Sasol’s new headquarters in Sandton is due to be completed later this year.

The Sasol global headquarters under construction at 50 Katherine Street, Sandton is setting a new standard for commercial property development and corporate workplace environments in South Africa, says Greg Sacks, chief executive of Alchemy Properties, which has partnered with the Sasol Pension Fund to develop and jointly lease the building to Sasol.

Seamless integration of architecture, environment, corporate ethos, and property development raise the bar

The building takes the shape of an S, partly owing to the need to fit 18 metre-wide floor plates, intended to accommodate up to 4 500 employees and visitors in as few storeys as possible. The S shape links a central core with two atriums that allow for maximum natural light in the heart of the building, and also echoes the linked particles of the Sasol logo.

The arms and core of the building are interconnected by a series of bridge links that are a major interior design feature.

“Part of Sasol’s brief was for the building to stimulate collaboration among its employees,” says Sacks. “The open interior combined with the bridge links does exactly that.”

The bridge links serve the additional purpose of providing structural support, enabling the weight and counterweight of the various components of the building to be held together without the use of straight columns.

Tershia Habbitts, project architect for Paragon Architects, the firm that designed the building, says that, in aiming for a Green Building Council of South Africa five-star rating in the design and as-built categories, the building automatically addresses crucial environmental issues.

“The standard issues, such as collection of rain water, recycling of grey water, and the filtration of water that runs off from parking areas in order to remove pollution, are all taken care of within the Green Star criteria. On the more challenging aspects, such as reducing glare and heat inside the building while letting in sufficient natural light to reduce the building’s energy use, we have broken new ground.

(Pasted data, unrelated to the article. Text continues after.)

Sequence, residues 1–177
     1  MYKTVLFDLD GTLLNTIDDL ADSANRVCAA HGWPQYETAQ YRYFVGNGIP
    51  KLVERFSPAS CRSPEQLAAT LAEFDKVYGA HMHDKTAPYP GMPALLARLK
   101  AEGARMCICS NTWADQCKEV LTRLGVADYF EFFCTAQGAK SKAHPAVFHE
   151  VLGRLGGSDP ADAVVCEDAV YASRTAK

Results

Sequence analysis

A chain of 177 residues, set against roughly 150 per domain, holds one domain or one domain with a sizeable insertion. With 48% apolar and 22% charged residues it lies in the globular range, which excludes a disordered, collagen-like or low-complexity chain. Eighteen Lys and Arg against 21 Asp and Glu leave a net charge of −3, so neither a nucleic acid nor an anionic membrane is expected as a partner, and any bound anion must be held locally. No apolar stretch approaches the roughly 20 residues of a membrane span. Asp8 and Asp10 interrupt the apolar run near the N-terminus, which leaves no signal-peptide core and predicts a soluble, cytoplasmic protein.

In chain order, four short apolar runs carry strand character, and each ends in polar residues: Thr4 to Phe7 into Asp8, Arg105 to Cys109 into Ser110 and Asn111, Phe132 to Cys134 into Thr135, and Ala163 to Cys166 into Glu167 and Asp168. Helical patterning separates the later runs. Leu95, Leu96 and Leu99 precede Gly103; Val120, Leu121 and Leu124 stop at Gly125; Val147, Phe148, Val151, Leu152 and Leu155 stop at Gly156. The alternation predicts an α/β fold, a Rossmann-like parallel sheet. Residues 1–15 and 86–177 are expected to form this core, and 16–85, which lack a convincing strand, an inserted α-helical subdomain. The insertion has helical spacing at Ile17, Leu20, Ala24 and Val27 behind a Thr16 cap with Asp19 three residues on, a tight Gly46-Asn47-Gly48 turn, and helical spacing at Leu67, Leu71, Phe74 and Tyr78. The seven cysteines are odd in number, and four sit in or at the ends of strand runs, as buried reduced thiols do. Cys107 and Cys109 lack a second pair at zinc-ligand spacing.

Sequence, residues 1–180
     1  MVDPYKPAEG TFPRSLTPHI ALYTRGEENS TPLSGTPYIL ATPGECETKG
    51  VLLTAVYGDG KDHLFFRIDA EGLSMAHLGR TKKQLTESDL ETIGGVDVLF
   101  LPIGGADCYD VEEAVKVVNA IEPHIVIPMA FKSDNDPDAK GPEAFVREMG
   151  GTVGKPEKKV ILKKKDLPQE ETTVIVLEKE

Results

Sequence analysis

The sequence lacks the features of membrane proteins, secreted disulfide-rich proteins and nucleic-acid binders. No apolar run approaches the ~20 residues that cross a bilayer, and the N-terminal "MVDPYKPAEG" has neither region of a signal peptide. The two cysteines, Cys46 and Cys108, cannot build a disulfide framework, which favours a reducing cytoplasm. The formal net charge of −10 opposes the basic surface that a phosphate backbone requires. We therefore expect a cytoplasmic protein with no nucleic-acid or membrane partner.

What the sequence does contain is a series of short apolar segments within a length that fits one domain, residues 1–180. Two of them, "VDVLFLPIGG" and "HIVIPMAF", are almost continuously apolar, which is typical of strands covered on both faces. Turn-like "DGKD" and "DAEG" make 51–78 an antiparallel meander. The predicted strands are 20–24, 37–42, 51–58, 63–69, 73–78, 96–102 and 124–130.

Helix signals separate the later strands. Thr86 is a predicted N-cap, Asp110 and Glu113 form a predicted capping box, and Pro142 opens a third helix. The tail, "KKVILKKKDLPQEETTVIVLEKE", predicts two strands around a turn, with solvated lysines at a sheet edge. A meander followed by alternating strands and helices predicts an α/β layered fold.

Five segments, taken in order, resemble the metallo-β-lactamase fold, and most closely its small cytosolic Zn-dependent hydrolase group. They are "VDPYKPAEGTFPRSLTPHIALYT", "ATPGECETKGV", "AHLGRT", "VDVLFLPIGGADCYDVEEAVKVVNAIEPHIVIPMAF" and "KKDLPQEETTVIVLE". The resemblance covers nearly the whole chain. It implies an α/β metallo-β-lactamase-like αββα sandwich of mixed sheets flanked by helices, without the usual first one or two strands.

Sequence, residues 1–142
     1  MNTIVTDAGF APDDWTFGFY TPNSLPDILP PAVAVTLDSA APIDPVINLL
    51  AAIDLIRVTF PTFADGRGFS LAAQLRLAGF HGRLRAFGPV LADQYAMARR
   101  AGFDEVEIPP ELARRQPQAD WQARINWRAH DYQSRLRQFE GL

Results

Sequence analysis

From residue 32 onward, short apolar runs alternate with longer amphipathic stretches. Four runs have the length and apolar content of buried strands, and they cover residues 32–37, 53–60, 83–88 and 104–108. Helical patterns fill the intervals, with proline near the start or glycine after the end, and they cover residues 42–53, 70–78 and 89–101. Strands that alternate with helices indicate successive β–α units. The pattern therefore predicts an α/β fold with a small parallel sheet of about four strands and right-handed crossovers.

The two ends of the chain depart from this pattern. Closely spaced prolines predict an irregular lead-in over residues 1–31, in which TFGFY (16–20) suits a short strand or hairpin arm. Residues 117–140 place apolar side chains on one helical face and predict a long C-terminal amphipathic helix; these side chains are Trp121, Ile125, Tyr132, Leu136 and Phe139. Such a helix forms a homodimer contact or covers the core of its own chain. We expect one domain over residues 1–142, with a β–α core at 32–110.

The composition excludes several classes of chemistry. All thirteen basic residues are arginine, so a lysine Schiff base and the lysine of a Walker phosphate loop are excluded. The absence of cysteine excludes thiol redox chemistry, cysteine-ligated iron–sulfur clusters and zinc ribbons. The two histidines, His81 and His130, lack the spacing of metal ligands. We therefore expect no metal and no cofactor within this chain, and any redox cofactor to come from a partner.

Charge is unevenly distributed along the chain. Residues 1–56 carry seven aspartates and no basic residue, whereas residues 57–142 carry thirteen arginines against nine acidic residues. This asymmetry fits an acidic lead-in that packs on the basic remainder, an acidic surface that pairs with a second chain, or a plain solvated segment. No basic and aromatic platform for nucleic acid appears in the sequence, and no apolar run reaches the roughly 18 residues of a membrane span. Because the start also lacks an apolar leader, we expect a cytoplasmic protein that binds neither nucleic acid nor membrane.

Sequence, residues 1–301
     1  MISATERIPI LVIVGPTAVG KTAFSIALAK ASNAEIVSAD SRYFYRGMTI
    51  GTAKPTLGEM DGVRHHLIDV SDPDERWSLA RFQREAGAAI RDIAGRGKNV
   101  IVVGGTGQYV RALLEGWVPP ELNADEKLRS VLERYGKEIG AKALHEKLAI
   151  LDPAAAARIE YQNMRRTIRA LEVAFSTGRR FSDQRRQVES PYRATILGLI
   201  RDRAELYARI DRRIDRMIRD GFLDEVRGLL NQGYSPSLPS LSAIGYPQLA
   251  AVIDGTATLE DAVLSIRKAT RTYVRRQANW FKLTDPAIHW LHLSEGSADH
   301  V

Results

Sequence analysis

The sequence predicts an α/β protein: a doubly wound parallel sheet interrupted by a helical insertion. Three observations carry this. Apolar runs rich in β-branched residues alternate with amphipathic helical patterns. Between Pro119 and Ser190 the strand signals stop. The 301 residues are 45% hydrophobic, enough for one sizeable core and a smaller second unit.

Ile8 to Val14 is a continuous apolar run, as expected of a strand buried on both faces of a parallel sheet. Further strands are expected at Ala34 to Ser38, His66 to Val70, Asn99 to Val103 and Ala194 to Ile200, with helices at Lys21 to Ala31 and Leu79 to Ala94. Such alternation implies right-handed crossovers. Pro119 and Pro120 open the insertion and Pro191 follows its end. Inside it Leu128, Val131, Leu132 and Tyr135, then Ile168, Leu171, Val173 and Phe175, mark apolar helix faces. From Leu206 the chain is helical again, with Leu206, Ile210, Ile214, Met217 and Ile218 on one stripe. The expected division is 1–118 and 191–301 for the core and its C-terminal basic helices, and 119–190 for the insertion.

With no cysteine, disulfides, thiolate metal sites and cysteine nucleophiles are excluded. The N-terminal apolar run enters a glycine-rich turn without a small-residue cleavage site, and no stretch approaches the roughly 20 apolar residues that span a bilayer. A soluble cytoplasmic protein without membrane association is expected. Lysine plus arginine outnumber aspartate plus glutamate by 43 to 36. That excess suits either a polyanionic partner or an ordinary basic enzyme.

“The building is clad in a new form of high-performance glass from Germany, for which manufacture began only last year. The glass is so cutting edge that it is only now becoming available to the local market,” Habbitts says. “So, the building as it stands may not have been possible when it was designed in 2013 and is well ahead of the curve.

“Crucially, given that Johannesburg has three times the glare factor and a far higher heat gain than cities in the northern hemisphere, glazing has become a best practice. It saves a great deal of money by using less energy and promotes occupant comfort and productivity.

“At the same time, cladding the building in glass enables the sky and natural landscape to be reflected, increasing the building’s aesthetic contribution to its surroundings. Cantilevering the top floors over the lower ones gives the building a sense of lightness and integration with its surroundings rather than it being an imposition on its environment and on people.”

A range of natural habitats will be created on certain decks of the building and in the grounds surrounding it, with individual indigenous biomes attracting particular species of small wildlife, insects, and birds.

“Everything about the building – from its shape and its materials to its construction methods – enables a socially responsible larger precinct,” Sacks says.

The building’s interior accommodation includes a range of value-adding facilities. An intelligent building management system will remotely regulate lighting, air conditioning, water usage, escalators and lifts inside the building as well as control the internal shading of the building through automated blinds.

The construction project is on schedule and on budget.

“An agile approach to the project has paid off,” Sacks says. “One would expect any budget to creep over a three-year build, especially with the decline in the rand dollar exchange rate. But constant value engineering and collaboration by the professional team and contractor have kept this under control.”

(Images via VISI)

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